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Saturday, 25 October 2014

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Let’s look at bigger picture of abuse

THE continuing revelations in the Jimmy Savile affair do not fail to shock.

EM Darren McSweeney
Darren McSweeney

This last week has seen the original ITV Exposure team dig even further and uncover more allegations and suspicions that lift the case to yet another level. What has happened has rocked the nation, but when you look into the statistics, the main shock is that someone with such a high profile could get away with this.

On the flipside, there is a horrific realisation that many, many people without a high profile could be committing similar crimes.

There is some respite from such a gloomy situation in that some good could emerge from the public awareness. Firstly, it has thrown a spotlight on to the statistics – many people just will not realise that higher than one in every six children has suffered from sexual abuse. Read that again – one in six, or think of it as five in a typical class of 30 schoolchildren.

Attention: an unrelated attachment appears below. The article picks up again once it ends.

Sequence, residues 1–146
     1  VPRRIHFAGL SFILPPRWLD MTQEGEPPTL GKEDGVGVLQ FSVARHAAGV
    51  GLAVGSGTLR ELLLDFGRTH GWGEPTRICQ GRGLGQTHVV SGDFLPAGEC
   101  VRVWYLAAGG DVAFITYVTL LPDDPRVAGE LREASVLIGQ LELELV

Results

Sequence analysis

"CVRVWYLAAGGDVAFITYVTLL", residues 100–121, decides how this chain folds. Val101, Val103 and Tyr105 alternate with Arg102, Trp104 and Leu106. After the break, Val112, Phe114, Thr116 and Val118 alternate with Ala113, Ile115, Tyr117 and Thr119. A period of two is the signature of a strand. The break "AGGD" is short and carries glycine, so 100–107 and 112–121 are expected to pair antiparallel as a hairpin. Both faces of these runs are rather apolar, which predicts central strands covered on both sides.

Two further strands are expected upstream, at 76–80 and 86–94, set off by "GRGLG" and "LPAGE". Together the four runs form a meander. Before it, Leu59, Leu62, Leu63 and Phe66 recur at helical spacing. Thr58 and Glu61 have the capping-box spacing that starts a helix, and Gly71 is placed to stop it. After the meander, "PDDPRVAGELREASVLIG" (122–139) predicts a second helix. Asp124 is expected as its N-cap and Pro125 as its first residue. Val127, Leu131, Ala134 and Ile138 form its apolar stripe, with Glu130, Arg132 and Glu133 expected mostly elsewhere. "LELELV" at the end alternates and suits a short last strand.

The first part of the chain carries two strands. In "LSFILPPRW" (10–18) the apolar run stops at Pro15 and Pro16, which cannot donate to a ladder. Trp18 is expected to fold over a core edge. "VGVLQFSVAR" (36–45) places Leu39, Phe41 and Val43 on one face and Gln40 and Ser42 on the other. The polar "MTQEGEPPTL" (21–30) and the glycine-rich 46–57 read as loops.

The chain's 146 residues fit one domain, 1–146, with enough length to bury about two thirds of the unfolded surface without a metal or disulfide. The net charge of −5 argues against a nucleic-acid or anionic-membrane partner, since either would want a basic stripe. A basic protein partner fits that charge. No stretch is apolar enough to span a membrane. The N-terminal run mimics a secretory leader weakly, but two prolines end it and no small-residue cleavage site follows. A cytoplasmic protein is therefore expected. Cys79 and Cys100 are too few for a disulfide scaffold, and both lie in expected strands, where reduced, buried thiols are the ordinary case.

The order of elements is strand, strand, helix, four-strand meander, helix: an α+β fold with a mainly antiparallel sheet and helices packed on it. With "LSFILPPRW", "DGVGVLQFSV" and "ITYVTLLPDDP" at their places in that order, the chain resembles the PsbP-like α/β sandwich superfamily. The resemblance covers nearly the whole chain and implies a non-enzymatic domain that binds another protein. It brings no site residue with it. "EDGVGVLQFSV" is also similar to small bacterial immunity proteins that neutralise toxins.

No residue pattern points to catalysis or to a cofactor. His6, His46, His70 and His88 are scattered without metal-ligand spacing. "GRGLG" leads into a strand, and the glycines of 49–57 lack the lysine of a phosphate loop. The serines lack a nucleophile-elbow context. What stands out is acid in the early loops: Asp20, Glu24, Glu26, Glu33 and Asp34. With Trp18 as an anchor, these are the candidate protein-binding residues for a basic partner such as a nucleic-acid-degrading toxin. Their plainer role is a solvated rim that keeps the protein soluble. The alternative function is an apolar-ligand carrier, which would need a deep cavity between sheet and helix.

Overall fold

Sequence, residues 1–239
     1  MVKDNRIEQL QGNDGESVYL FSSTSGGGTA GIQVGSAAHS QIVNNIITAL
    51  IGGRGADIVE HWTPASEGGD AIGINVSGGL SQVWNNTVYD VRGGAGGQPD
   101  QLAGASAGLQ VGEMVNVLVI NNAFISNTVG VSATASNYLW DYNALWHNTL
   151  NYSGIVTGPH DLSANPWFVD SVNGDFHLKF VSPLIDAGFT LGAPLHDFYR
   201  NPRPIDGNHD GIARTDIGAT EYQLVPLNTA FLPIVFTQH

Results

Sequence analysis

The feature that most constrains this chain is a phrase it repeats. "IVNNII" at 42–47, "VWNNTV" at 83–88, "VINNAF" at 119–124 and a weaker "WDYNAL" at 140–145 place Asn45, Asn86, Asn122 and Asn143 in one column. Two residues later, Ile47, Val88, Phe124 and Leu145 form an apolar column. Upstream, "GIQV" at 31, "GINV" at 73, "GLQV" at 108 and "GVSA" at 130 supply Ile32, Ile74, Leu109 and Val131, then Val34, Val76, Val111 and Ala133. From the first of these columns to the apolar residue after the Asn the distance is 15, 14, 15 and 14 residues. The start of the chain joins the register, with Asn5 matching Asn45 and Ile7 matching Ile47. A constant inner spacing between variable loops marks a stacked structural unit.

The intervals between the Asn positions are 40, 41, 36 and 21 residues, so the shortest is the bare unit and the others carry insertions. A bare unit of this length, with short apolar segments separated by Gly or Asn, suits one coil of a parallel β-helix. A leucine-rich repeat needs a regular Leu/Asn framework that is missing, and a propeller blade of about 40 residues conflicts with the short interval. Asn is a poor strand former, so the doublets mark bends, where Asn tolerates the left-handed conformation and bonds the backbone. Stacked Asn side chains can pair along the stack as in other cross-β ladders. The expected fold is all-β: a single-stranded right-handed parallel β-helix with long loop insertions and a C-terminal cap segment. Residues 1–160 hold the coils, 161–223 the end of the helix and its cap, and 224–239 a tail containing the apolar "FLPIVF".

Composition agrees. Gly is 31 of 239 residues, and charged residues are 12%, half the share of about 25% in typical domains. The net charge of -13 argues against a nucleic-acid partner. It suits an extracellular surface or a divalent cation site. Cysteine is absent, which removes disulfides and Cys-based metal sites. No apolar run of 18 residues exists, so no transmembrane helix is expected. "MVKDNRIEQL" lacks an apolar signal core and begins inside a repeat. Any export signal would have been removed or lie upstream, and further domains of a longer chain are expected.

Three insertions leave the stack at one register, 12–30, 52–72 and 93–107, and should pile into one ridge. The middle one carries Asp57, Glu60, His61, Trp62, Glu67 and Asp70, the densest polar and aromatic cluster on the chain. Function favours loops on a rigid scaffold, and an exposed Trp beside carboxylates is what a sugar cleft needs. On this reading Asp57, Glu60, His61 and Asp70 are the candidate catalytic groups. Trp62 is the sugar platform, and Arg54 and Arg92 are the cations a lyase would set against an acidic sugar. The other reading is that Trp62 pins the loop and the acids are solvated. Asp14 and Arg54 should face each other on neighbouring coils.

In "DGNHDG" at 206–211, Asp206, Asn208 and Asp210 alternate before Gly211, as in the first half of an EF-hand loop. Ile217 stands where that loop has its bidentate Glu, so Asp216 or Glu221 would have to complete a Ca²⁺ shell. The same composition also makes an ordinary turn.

Secondly, more children who have suffered such horrific abuse may be encouraged to speak out.

The number of calls to the NSPCC helpline has increased by 200 percent in the month following the first Savile TV programme, an encouraging sign that victims may be more forthcoming in seeking help.

Another positive is that charities and organisations that support these victims have had their public profiles elevated. After years of underfunding, cutbacks and struggles, the public may be more willing to a) support these groups financially or b) join the fight to secure the funding and continued existence of these groups, campaigning to shelter them from the aggressive cuts we see all around us.

An encouraging sign is that thousands of people have downloaded the “What Can I Do?” leaflet from the NSPCC website in recent weeks, so at least people are reaching out and finding out more on an issue which has regularly been a taboo subject.

Let’s look at the bigger picture. Let’s make sure that everyone is aware of the “higher than one in six” statistic. Speak to your MP; ask them to make sure that charities such as the NSPCC have their budget contributions from central government ring fenced from any cuts.

On a local level, charities such as The Birchall Trust, who support affected victims in this area, need our help and support – there’s more information on their website at www.birchalltrust.org.uk.

Have a look – there’s a donate button on there too!

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